Architecture of the left ventricle: insights for optimal surgical ventricular restoration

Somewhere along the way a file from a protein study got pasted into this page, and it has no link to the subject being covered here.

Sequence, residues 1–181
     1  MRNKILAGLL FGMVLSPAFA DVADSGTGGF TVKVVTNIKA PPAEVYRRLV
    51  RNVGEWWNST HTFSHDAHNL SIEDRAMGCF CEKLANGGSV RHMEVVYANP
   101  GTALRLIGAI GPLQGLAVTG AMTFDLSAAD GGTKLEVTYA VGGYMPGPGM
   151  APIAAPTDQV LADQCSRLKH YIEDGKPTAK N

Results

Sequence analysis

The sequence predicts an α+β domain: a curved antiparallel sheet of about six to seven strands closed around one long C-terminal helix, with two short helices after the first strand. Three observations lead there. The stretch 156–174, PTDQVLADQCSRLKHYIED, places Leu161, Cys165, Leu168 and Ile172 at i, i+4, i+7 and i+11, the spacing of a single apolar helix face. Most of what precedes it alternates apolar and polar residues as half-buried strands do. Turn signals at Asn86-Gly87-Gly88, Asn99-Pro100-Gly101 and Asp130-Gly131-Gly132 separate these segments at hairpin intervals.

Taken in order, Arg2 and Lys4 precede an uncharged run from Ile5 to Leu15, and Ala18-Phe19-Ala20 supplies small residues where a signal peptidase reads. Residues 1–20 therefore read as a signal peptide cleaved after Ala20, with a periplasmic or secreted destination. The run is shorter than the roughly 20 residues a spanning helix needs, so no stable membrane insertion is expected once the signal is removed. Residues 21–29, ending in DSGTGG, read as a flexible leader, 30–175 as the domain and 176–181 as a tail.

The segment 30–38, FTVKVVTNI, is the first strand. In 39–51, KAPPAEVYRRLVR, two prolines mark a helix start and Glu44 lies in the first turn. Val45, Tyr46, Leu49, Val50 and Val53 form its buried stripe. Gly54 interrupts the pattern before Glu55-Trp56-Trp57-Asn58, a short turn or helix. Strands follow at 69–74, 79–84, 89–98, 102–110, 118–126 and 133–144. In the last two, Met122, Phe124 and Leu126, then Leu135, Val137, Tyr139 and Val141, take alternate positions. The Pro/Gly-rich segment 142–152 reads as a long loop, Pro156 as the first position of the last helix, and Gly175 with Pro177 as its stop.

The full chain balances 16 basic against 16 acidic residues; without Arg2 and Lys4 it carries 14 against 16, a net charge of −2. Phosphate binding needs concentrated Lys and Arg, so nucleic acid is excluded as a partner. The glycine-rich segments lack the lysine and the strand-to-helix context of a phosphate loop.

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The normal left ventricular shape has been defined as prolate ellipsoid. This shape is an adaptation to evolution. A knowledge of its unique macro and micro architecture forms the cornerstone in the understanding of its complex function. The left ventricle has a unique architecture with three different myofiber orientations, the longitudinal, circumferential and oblique fibers. The oblique orientation of fibers is essential for effective clockwise and anticlockwise torsional movements during systole and diastole, for optimal ventricular ejection and filling. The orientation and fiber angle decide the shape of the ventricle. An ellipsoid shape is vital for optimal function. Pathological disease states such as ischemic heart disease, valvular heart disease and cardiomyopathies cause a loss of obliquity of the myofibers. The myofibers become more horizontal resulting in ventricular dilatation and increased sphericity. The change from ellipsoid to globular shape with disease heralds the onset of left ventricular dysfunction and initiates the cascade of heart failure. Several strategies have been successful in reverting ventricular dilatation and sphericity to a more ellipsoid geometry. Pharmacological therapies like beta blockade and angiotensin converting enzyme inhibition have proven beneficial in early stages of heart failure with pathological remodeling. However, these agents in isolation are limited in reversing pathological remodeling in advanced heart failure. In some cases of advanced heart failure due to postinfarction left ventricular aneurysms, ventricular volume reduction with restoration surgeries have a role in restoring ventricular geometry with beneficial clinical outcomes. Surgical ventricular restoration has progressively evolved from the 1950s. Initially, aneurysmal resection and linear repair was done. This was gradually replaced by endoventricular patch plasty, which had better results. The resulting left ventricle was smaller in size but still continued to have a spherical configuration. Exclusion of the infarct area with a smaller longitudinal patch results in realignment of the non-diseased ventricular fibers with a resulting ellipsoid shape. This ellipsoid shape ensures clinical benefits. The geometry of the endoventricular patch thus holds the key to optimal ventricular shape in these patients. The technique to optimally restore a diseased ventricle to normal continues to evolve. This requires insights into the normal architecture and function, and the pathophysiologic effects of disease.